LONDON -- The British government said Wednesday that same-sex couples will be allowed for the first time to use churches to seal their civil partnership vows, starting in December.
But the directive added that no religious group will be forced to conduct or host such a ceremony, and the Church of England quickly announced it would permit no such rites on its premises.
In a statement, the church said it "has no intention of allowing civil partnerships to be registered" in its churches.
The government's equalities minister, Lynne Featherstone, used a written statement to Parliament to announce that same-sex couples will be allowed to seal their vows in churches and other places of worship in England and Wales starting Dec. 5.
Civil partnership registrations have been entirely secular in Britain.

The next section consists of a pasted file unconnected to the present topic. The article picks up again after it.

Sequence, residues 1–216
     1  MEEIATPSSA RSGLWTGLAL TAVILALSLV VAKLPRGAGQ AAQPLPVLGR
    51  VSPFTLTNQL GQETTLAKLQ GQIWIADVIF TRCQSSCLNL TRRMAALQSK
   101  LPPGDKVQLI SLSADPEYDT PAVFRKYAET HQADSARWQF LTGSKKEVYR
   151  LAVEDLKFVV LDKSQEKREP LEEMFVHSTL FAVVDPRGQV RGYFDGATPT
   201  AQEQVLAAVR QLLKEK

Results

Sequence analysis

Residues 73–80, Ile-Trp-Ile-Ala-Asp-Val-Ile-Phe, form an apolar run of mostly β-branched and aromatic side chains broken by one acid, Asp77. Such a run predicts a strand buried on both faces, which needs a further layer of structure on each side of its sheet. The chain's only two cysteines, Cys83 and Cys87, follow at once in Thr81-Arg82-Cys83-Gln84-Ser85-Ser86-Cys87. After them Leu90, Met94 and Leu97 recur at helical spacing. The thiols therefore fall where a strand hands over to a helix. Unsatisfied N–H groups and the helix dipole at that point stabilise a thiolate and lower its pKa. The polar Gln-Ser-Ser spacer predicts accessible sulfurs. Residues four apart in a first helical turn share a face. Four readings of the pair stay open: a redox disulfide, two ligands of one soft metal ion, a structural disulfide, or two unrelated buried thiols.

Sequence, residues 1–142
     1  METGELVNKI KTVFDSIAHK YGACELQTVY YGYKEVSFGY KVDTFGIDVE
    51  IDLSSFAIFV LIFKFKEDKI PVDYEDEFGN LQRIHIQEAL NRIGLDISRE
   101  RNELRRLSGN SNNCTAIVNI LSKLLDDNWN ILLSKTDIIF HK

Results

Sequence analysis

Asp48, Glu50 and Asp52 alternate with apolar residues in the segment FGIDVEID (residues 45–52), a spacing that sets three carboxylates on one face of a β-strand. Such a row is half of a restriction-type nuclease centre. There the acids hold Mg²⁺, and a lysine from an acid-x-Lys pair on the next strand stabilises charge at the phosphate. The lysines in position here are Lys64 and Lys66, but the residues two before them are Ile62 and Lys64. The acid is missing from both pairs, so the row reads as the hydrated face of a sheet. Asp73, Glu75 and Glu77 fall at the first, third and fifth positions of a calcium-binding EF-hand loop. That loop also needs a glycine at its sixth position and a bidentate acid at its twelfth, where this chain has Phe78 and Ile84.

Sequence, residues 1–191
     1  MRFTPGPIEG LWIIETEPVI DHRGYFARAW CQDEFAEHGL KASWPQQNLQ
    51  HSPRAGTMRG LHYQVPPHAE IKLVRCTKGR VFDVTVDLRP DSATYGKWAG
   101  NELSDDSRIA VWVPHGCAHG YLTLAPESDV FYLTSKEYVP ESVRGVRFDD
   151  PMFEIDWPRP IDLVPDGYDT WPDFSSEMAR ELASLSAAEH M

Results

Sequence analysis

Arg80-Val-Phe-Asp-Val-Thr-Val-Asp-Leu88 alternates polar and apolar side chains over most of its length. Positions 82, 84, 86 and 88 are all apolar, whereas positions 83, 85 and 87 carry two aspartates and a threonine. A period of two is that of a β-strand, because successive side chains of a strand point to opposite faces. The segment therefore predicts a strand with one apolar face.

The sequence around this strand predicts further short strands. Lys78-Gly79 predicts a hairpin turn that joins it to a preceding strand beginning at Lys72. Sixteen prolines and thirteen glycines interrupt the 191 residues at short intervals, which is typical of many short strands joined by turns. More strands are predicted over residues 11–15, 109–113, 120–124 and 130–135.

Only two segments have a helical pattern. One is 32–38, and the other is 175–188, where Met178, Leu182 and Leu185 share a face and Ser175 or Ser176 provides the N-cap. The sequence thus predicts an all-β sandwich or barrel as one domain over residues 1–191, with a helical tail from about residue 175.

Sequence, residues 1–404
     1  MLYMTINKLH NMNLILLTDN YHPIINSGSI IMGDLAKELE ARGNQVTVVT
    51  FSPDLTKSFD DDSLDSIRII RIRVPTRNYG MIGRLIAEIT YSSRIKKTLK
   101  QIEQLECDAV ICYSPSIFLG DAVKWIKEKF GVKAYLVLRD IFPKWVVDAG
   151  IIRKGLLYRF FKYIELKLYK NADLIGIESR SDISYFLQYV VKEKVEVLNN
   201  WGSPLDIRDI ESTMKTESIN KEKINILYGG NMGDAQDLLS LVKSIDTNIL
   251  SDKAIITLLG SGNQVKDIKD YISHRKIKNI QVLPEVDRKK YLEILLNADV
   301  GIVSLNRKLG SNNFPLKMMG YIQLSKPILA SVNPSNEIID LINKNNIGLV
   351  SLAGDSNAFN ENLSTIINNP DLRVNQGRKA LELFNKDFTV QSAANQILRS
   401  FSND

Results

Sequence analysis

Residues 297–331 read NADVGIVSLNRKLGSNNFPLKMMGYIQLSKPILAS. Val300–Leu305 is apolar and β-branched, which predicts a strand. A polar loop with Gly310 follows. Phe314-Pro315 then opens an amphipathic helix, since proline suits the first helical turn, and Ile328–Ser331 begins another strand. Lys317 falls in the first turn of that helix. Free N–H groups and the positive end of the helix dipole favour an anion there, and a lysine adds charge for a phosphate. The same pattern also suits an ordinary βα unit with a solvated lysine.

"The government is advancing equality for LGB (lesbian, gay and bisexual) people and ensuring freedom of religion for people of all faiths," Featherstone said. But she added that "no religious group will be forced to host a civil partnership registration."
Same-sex marriages are banned in Britain, but same-sex civil partnerships have been allowed since 2005. The partnerships give gay and lesbian couples the same legal protections accorded to heterosexual married couples.
Partnership ceremonies will most certainly be banned in Catholic churches, as well as mosques and Orthodox synagogues. The BBC reported that "leaders of Liberal Judaism, the Quakers and the Unitarians have in the past expressed interest" in hosting same-sex ceremonies.